By Sara Webb
Global News Journal
from UK News:
The death toll among British troops in Afghanistan is rising fast. The soldier who died on Tuesday was the seventh to die in the last week and the 176th since the war began.
Pope Benedict issued an ambitious call to reform the way the world works on Tuesday shortly before its most powerful leaders meet at the G8 summit in Italy. His latest encyclical, entitled "Charity in Truth," presents a long list of steps he thinks are needed to overcome the financial crisis and shift economic activity from the profit motive to a goal of solidarity of all people.
from Tales from the Trail:
Deposed Honduran president Manuel Zelaya got his strongest endorsement yet from President Barack Obama on Tuesday as the exiled leftist leader returned to Washington to meet Secretary of State Hillary Clinton.
The United States has joined Latin America in unanimously condemning the military coup in the banana-producing country that ran Zelaya out of town in his pajamas ten days ago.
But Washington has been reluctant to slap sanctions on Honduras and cut off U.S. aid. Instead it is cautiously looking for a negotiated and peaceful resolution to a crisis that looks like a win-win situation for the United States' main adversary in the hemisphere, Venezuela's leftist leader Hugo Chavez.
Zelaya, a wealthy rancher who turned left in office and signed on to Chavez's growing anti-U.S. coalition, is hardly the best poster boy for democracy. His moves to follow Chavez's example and extend presidential term limits in Honduras sparked the political crisis in which the Honduran Supreme Court, with the backing of Congress, ordered the army to oust the president.
After years of U.S. neglect of Latin America during the Bush administration, Obama is trying to improve relations with the region and cannot afford to be on the wrong side of a crisis that many Latin Americans see as a flashback to a dark era of military dictatorships supported by the United States in the 1960s and 1970s.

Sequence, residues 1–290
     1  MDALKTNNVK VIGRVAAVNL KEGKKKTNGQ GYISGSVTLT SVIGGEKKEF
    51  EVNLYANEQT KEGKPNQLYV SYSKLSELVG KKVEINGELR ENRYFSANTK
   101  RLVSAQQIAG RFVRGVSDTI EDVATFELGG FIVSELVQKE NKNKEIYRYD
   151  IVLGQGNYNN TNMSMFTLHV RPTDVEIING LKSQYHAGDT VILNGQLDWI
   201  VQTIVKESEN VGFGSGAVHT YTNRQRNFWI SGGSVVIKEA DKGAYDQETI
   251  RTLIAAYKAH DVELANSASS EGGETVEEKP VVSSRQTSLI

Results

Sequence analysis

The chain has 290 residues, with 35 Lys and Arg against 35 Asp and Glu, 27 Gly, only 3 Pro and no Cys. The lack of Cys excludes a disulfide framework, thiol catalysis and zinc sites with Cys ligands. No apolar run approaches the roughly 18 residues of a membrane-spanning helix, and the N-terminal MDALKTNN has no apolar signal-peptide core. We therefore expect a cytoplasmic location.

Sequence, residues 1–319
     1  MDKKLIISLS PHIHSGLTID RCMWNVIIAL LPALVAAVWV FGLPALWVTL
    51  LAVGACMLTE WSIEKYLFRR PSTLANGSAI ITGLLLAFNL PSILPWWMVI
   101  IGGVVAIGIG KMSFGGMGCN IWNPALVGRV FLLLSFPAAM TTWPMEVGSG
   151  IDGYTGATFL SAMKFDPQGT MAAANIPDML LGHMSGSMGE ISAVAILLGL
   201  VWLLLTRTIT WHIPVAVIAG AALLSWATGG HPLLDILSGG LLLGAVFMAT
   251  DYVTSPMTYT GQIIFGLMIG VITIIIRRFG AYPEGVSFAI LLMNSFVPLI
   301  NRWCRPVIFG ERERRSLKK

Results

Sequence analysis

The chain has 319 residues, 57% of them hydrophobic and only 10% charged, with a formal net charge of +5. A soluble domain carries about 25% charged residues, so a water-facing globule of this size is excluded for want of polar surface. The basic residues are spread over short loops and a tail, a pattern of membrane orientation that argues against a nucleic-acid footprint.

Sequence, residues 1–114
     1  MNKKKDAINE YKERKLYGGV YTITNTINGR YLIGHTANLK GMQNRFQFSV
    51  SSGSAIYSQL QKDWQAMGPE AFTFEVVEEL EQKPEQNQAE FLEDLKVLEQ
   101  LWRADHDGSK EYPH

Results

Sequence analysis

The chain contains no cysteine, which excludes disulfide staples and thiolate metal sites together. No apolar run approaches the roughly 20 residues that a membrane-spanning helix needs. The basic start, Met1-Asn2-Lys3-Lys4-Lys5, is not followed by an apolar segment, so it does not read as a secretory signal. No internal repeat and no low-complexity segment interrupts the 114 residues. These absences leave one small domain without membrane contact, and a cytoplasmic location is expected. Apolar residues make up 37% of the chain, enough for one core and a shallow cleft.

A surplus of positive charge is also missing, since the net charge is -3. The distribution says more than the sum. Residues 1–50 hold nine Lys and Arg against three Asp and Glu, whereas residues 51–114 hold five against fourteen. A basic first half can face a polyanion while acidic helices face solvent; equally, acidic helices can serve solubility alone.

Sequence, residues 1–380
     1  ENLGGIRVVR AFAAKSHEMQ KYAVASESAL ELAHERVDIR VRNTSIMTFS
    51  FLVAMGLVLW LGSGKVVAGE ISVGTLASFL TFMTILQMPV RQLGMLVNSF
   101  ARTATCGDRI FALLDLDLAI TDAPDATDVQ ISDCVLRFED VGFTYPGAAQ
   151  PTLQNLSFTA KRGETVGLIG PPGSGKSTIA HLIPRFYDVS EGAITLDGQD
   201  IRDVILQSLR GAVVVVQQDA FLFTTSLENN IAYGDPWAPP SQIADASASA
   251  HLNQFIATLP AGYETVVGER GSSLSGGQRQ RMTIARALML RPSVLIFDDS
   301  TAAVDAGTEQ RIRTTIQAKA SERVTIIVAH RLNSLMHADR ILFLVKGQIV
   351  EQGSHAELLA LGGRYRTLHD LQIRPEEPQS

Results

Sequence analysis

David L. Stern covers the former Soviet Union and the Black Sea region for GlobalPost, where this article originally ran.
KIEV, Ukraine — Was Kyrgyzstan’s decision last week not to evict American forces from a strategic air base the result of the “Obama Effect” — President Barack Obama’s reputed benign influence on how other nations now view the United States — or evidence of the new president’s hardball negotiating tactics?
from The Great Debate UK:
-Tim Cocks is a Reuters correspondent based in Baghdad.-
For the U.S. military, it's the million dollar question -- or rather the $687 billion question, according to a recent estimate of the Iraq war's total cost. Is Iraq now stable enough for them to take a permanent back seat?
Queen Elizabeth is having her swans counted. The annual Swan Upping, a tradition dating to the 12th century involving a census of swans on the River Thames, is conducted by the queen’s official Swan Marker. The process involves the Swan Marker rowing up the Thames for five days with the Swan Warden in traditional skiffs while wearing special scarlet uniforms and counting, weighing and measuring swans and cygnets.